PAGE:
Erle Stanley Gardner (1889 – 1970) was an American lawyer and author best known for the Perry Mason series of legal detective stories that spawned a series of Hollywood films of the 1930s, and then a titular radio program, which ran from 1943 to 1955, then finally a long-running CBS-TV series starring Raymond Burr in the title role.
But Gardner also wrote some shorter pieces and numerous other novels including a two-part series with amateur detective Gramps Wiggins, a two-parter with freelancer Terry Clane, and a longer series with DA Doug Selby. His longest non-Perry Mason series were the thirty novels featuring the mismatched private detective team of Bertha Cool and Donald Lam, written under the pen name of A. A. Fair. A TV pilot was aired in 1958 by CBS, starring former jockey Billy Pearson as Lam and Benay Venuta as Cool, although it was never developed into a series.
Cool is a 60ish, overweight widow who opened her detective agency after the death of her husband in 1936. She has white hair and "greedy piggish eyes," with all the novels agreeing she is extremely avaricious and miserly and isn't overly concerned with ethics, or, as she freely admits, "I'll handle any disbarred lawyer." Her employee, Lam, is a recently suspended attorney who is a bit on the short side (about 5'6", weighs 130 pounds soaking wet) and is a "cocky little bastard" (Gardner once said he was modeled after his literary agent).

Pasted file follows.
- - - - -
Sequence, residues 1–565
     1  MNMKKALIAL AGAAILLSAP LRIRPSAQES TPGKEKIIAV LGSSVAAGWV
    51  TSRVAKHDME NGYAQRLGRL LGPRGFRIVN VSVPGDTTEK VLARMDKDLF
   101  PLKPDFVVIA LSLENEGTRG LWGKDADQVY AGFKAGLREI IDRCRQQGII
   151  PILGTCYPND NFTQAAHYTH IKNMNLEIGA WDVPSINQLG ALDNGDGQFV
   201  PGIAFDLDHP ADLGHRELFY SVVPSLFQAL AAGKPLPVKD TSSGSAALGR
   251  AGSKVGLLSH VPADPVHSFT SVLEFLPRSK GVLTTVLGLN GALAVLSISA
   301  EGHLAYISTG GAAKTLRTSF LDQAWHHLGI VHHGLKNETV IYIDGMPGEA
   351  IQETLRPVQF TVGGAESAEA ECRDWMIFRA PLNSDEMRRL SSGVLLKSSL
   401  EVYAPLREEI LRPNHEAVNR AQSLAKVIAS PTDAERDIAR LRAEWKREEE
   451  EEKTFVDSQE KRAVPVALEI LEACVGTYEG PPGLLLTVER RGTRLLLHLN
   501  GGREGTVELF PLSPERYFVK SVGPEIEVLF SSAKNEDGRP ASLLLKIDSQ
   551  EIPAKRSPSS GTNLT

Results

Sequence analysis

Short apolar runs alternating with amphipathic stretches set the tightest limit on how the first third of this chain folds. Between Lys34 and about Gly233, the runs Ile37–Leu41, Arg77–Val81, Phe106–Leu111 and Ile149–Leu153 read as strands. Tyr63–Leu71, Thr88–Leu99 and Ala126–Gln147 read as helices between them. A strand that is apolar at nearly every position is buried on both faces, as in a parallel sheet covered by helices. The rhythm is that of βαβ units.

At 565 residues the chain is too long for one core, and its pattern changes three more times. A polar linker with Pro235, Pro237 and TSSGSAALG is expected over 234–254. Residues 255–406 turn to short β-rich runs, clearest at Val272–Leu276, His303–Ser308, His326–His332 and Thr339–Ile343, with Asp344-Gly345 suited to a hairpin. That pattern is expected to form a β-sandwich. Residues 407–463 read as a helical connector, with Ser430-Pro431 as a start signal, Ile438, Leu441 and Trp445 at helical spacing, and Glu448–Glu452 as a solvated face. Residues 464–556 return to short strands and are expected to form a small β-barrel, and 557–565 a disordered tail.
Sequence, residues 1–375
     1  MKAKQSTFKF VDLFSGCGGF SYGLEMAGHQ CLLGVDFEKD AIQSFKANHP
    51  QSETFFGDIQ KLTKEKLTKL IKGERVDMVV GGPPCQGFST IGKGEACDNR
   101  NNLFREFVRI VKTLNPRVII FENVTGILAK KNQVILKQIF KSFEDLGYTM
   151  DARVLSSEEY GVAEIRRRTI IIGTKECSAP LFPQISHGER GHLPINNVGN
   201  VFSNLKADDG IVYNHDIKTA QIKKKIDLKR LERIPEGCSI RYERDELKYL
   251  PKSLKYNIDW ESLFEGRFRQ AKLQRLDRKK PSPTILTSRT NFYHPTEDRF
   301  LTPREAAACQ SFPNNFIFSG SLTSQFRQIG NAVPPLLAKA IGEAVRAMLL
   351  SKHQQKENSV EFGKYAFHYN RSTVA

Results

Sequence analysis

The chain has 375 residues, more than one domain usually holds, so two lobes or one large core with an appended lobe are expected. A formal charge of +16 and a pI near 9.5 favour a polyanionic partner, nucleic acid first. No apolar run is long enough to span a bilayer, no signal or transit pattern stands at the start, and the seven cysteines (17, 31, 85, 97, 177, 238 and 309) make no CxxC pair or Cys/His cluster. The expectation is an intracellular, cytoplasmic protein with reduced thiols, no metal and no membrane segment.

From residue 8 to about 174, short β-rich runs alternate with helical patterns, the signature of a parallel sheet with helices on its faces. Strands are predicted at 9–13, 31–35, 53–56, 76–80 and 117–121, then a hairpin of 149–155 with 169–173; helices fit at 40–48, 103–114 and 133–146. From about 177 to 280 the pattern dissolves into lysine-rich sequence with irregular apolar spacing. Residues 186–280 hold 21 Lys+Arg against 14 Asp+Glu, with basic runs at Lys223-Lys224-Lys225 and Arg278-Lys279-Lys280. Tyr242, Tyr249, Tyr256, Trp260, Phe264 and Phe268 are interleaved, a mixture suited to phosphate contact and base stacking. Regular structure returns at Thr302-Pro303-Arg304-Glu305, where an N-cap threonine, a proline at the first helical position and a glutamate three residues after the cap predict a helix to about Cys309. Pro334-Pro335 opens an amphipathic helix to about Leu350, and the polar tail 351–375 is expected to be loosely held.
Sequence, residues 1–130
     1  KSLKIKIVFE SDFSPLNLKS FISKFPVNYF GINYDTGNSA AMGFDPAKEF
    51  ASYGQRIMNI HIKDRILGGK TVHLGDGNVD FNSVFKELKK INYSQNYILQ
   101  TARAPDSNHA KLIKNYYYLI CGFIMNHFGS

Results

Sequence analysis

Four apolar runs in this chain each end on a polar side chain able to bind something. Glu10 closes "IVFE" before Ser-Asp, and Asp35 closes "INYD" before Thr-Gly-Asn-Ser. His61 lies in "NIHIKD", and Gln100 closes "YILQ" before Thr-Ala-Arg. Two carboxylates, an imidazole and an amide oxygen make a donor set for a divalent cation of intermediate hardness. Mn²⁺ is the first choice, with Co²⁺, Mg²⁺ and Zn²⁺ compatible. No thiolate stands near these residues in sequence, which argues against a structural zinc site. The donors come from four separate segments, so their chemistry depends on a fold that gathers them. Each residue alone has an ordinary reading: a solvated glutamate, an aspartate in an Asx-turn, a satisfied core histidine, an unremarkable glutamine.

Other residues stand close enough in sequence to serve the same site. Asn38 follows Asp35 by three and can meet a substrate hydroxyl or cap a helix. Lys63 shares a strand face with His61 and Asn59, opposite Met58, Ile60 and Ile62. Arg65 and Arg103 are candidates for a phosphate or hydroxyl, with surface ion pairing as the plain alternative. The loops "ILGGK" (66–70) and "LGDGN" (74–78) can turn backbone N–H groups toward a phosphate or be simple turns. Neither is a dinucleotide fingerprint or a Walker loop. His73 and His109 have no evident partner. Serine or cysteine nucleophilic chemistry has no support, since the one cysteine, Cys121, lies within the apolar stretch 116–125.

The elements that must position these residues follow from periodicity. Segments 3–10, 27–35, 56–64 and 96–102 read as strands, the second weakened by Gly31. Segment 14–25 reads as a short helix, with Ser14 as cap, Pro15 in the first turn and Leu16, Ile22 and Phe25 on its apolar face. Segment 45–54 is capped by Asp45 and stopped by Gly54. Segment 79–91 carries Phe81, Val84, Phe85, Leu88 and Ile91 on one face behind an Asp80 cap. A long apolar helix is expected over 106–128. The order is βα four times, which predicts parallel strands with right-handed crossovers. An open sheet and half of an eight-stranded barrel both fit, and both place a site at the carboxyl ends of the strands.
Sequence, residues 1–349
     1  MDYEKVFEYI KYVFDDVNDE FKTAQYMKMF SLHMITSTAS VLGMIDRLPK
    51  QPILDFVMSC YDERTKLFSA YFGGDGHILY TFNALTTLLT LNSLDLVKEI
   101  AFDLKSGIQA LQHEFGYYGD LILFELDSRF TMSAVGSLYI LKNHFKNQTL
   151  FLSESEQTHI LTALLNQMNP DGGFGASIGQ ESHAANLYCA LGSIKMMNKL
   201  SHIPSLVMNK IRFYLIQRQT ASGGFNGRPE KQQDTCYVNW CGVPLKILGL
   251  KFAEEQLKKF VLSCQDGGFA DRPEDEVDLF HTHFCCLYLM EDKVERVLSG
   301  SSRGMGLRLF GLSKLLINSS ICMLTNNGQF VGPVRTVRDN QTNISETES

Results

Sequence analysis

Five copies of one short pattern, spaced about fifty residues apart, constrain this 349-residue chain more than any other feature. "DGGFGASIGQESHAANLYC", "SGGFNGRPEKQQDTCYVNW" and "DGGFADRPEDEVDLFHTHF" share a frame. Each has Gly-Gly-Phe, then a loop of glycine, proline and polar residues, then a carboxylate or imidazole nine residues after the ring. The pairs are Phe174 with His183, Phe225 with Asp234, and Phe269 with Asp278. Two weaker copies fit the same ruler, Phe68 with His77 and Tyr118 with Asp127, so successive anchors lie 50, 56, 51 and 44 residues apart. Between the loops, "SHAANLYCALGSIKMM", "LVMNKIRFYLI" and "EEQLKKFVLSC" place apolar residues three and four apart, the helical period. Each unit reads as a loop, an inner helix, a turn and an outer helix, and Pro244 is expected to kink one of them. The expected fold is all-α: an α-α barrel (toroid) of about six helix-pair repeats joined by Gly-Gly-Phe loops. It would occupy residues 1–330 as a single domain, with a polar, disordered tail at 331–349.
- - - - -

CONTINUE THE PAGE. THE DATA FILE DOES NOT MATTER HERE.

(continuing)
Widows Wear Weeds dates from 1966 and is the twenty-seventh installment in the Cool and Lam series. It starts out with Lam and his secretary, Elsie Brand, enjoying a coffee break when restaurant owner Nicholas Bafflin approaches Lam and wants to hire him to pay off a man who is blackmailing a famous movie star. Lam meets the blackmailer, Starman Calvert, gets the photo negatives and a receipt for the money (a confession), and leaves. Baffin thanks Lam by giving them a free meal, and he invites Sergeant Frank Sellers to join them.
But during the meal, Lam is called to the phone and on his way back to the table has to back up into the curtain for booth 13 in order to let a waitress with a full tray pass him. Soon afterward, when a waitress discovers a murdered man in booth 13, Sgt. Sellers vamooses because he'd been drinking champagne and was on duty, and two eyewitnesses claim they saw Lam exit the murder booth. When the victim is discovered to be the blackmailer, Lam is left as a suspect without Sellers to back him up. As Cool and Lam dig deeper, they aren't entirely sure what Baffin's game really was other than the blackmail scheme was a set up. But why? And why would a man risk his marriage by pretending to be having an affair and being blackmailed? The list of suspects turns out to be pretty long, including desperate waitresses, corrupt politicians, one frantic cop, and the deceased's missing widow.
The book is a fast-moving, quick read, with a lot of humor and snappy, sharp dialogue, or as Kirkus Reviews noted, "Tried and true and tricky."
A fun little note: Erle Stanley Gardner had an amazing sales record: at the height of his popularity in the mid-1960s he was selling an average of 26,000 copies of his novels a day, making him one of the world's best selling author's, easily outstripping at the time Agatha Christie and Barbara Cartland combined.